## Content

### Applying the binomial theorem

In this section, we give some examples of applying the binomial theorem.

#### Example

Expand \((2x+3)^4\).

#### Solution

Using the binomial theorem:

\[ (a+b)^4 =a^4+4a^3b+6a^2b^2 +4ab^3+ b^4. \]Let \(a =2x\) and \(b=3\). Then

\begin{align*} (2x+3)^4 &= (2x)^4+ 4(2x)^3\times3+6(2x)^2\times3^2+ 4(2x)\times3^3+ 3^4\\ &=16x^4+ 96x^3+216x^2+216x+ 81. \end{align*}#### Example

Expand \((1-x)^{10}\).

#### Solution

Using the binomial theorem:

\begin{align*} (a+b)^n &= \sum_{r=0}^{n}\dbinom{n}{r}a^{n-r}b^r. \end{align*}Let \(a=1\), \(b=-x\) and \(n = 10\). Then

\begin{align*} &(1-x)^{10} = \sum_{r=0}^{10}\dbinom{10}{r}(-x)^r\\ &= 1-10x+45x^2-120x^3+210x^4-252x^5+210x^6-120x^7+45x^8-10x^9+x^{10}. \end{align*}#### The general term in the binomial expansion

The general term in the expansion of \((a+b)^n\) is

\[ \dbinom{n}{r}a^{n-r}b^r, \qquad\text{where}\quad 0 \leq r\leq n. \]#### Example

For the expansion of \((x-3z^2)^5\), find the general term and find the coefficient of \(x^3z^4\).

#### Solution

The general term is

\[ \dbinom{5}{r}x^{5-r}(-3z^2)^r, \qquad\text{where}\quad 0 \leq r\leq 5. \]To find the coefficient of \(x^3z^4\), we want \(5-r=3\) and \(r=2\).

Thus the coefficient of \(x^3z^4\) is \(\dbinom{5}{2}(-3)^2 = 90\).

##### Exercise 6

Consider the expression \((a-2b^3)^7\). How many terms are there in the expansion? Find a formula for the general term.

#### Example

Find the constant term in the expansion of \(\Big(x^2 + \dfrac{1}{x^2}\Big)^6\).

#### Solution

The general term is

\begin{align*} \dbinom{6}{r}\big(x^2\big)^{6-r}\Big(\dfrac{1}{x^2}\Big)^r &= \dbinom{6}{r}x^{12-2r}\Big(\dfrac{1}{x^{2r}}\Big)\\ &=\dbinom{6}{r}x^{12-4r}. \end{align*}This term will be a constant when \(12-4r=0\), that is, when \(r=3\).

Hence the constant term in the expansion of \(\Big(x^2 + \dfrac{1}{x^2}\Big)^6\) is \(\dbinom{6}{3}= 20\).

#### Example

Find the coefficient of \(x^5\) in the expansion of \((1-2x+3x^2)^5\).

#### Solution

Bracket \(1-2x\) and expand:

\[ (1-2x+3x^2)^5=(1-2x)^5+5(1-2x)^4(3x^2)+10(1-2x)^3(3x^2)^2+\dotsb. \]- The coefficient of \(x^5\) in \((1-2x)^5\) is \((-2)^5 = -32\).
- The coefficient of \(x^5\) in \(5(1-2x)^4(3x^2)\) is \(15\tbinom{4}{3}(-2)^3 = -480\).
- The coefficient of \(x^5\) in \(10(1-2x)^3(3x^2)^2\) is \(90\tbinom{3}{1}(-2) = -540\).
- The remaining terms do not contain \(x^5\).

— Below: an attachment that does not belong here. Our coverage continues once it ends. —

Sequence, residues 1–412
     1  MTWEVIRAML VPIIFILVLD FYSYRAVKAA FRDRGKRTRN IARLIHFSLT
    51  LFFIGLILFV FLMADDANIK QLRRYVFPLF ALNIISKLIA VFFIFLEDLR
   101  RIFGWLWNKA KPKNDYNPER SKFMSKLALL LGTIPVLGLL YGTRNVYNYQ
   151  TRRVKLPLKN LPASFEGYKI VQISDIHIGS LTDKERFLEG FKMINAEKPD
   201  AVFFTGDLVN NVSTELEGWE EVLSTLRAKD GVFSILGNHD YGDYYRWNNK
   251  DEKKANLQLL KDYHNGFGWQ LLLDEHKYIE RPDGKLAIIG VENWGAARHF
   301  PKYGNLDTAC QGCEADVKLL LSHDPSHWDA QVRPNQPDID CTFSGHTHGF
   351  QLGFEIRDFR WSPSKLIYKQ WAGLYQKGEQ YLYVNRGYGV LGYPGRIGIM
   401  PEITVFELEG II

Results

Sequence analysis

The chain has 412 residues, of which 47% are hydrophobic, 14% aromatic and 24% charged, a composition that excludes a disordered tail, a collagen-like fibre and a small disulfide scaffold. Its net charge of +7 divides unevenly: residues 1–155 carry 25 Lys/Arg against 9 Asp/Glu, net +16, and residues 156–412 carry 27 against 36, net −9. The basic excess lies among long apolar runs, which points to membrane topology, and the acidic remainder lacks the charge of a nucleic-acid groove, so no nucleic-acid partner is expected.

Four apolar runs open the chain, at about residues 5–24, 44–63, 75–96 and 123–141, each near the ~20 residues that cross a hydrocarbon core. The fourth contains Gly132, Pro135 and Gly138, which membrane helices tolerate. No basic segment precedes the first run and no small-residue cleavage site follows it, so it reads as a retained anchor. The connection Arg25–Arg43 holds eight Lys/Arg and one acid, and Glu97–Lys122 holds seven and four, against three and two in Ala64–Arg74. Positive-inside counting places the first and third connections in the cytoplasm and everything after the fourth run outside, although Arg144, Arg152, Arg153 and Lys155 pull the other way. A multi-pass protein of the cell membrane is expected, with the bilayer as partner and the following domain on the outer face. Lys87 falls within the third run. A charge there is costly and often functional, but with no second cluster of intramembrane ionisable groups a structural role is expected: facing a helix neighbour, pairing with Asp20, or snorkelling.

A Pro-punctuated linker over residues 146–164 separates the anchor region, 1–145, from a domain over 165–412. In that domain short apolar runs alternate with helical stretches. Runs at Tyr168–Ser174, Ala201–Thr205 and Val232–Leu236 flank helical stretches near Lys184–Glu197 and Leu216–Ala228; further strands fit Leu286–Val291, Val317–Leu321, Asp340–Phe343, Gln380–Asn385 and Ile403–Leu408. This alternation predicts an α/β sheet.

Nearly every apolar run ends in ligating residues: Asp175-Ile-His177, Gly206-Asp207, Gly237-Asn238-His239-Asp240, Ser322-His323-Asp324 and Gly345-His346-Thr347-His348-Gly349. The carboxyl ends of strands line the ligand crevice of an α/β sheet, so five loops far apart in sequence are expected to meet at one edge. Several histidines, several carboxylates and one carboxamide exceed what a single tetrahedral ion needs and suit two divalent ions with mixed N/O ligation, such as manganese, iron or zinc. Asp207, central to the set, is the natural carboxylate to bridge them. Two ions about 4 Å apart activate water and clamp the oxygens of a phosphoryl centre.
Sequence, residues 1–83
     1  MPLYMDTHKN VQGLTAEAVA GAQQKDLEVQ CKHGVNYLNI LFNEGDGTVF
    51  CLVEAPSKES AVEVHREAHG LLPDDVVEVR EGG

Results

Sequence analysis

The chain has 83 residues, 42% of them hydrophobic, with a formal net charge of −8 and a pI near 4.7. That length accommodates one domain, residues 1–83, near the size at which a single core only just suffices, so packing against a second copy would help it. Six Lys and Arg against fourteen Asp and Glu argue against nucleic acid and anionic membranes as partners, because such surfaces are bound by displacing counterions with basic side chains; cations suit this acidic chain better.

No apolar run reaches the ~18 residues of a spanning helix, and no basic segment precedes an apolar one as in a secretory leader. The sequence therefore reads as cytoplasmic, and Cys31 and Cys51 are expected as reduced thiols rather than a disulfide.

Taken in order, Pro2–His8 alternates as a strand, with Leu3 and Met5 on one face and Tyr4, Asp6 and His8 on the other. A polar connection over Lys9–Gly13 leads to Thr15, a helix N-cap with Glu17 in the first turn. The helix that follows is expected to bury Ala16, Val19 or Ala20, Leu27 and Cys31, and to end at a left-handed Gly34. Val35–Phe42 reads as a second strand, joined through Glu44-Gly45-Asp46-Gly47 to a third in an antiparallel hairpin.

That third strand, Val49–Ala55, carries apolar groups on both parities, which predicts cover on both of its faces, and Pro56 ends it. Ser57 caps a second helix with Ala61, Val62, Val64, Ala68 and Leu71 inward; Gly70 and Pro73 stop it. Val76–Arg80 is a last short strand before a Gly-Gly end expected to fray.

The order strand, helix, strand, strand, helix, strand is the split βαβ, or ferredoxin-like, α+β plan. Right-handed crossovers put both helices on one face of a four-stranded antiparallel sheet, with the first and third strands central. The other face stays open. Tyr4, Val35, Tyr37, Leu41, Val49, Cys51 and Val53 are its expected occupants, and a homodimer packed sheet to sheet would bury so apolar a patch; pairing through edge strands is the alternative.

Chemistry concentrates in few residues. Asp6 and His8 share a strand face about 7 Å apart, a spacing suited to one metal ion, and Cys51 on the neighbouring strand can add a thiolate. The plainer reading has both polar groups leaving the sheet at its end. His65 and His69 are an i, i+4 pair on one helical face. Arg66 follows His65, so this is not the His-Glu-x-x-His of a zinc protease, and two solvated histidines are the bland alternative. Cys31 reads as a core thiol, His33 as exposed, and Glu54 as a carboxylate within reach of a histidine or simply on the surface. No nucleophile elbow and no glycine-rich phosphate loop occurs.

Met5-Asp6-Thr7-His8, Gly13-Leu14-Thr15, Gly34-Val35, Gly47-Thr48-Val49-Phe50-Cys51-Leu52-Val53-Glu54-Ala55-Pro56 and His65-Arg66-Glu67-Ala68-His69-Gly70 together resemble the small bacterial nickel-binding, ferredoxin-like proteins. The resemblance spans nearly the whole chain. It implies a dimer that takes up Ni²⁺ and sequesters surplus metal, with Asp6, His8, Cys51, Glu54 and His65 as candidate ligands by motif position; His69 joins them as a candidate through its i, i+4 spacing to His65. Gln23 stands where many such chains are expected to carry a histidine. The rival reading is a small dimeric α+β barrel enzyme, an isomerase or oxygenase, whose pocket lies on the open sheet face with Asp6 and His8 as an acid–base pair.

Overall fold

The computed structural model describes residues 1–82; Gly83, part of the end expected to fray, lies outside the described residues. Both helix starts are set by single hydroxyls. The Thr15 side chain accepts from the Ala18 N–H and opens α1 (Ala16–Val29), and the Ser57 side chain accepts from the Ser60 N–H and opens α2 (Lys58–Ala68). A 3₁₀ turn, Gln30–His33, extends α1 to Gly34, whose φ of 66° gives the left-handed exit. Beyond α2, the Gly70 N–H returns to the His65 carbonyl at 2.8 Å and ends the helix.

Therefore the required coefficient is \(-32-480-540=-1052\).

#### The middle term

When \(n\) is even, there will be an odd number of terms in the expansion of \((a+b)^n\), and hence there will be a middle term. Let \(n=2m\), for some positive integer \(m\). Then, when the expansion of \((a+b)^n\) is arranged with terms in descending or ascending order, the middle term is

\( \dbinom{2m}{m}a^mb^m. \)For example, the middle term of \((a+b)^8\) is

\( \dbinom{8}{4}a^4b^4 = 70a^4b^4. \)When \(n\) is odd, there will be two middle terms of \((a+b)^n\). Let \(n=2m+1\), for some positive integer \(m\). Then the middle terms are

\( \dbinom{2m+1}{m}a^{m+1}b^m \qquad\text{and}\qquad \dbinom{2m+1}{m+1}a^mb^{m+1}. \)#### Greatest coefficients

When \(n\) is even, we can show that the greatest coefficient of \((1+x)^n\) is the

coefficient of the middle term, which is

\(\dbinom{n}{\dfrac{n}{2}}.\)When \(n\) is odd, there are two greatest coefficients, which are the coefficients of the

two middle terms

\(\dbinom{n}{\dfrac{1}{2}(n-1)} \qquad\text{and}\qquad \dbinom{n}{\dfrac{1}{2}(n+1)}.\)In general, finding the greatest coefficients for an expansion can be undertaken in a

systematic fashion, as shown in the following example.

#### Example

Find the greatest coefficient in the expansion of \((1+ 3x)^{21}\).

#### Solution

The general term of this expansion is \(\dbinom{21}{k}(3x)^k\), and its coefficient is \(c_k = \dbinom{21}{k}3^k\). The next coefficient is \(c_{k+1}= \dbinom{21}{k+1}3^{k+1}\).

We have

\begin{align*} \dfrac{c_{k+1}}{c_k}&=\dfrac{\tbinom{21}{k+1}3^{k+1}}{\tbinom{21}{k}3^k}\\ &=\dfrac{21!}{(20-k)!(k+1)!} \times \dfrac{(21-k)!k!}{21!} \times 3\\ &=\dfrac{63-3k}{k+1}. \end{align*}To find where the coefficients are increasing, we solve \(c_{k+1}>c_k\), that is,

\(\dfrac{c_{k+1}}{c_k} >1\).

From above, \(\dfrac{63-3k}{k+1}>1\), which is

equivalent to \(k<15\dfrac{1}{2}\).

Now \(k\) is an integer, and hence \(c_{k+1}>c_k\) for \(k=0,1,2,\dots,14,15\).

The sequence of coefficients is increasing from \(c_0\) to \(c_{16}\) and decreasing from \(c_{16}\) to \(c_{21}\).

Hence \(c_{16}\) is the largest coefficient:

\[ c_{16}=\dbinom{21}{16}3^{16} = 875\, 957\, 725\, 629. \]Next page - Content - Proof of the binomial theorem by mathematical induction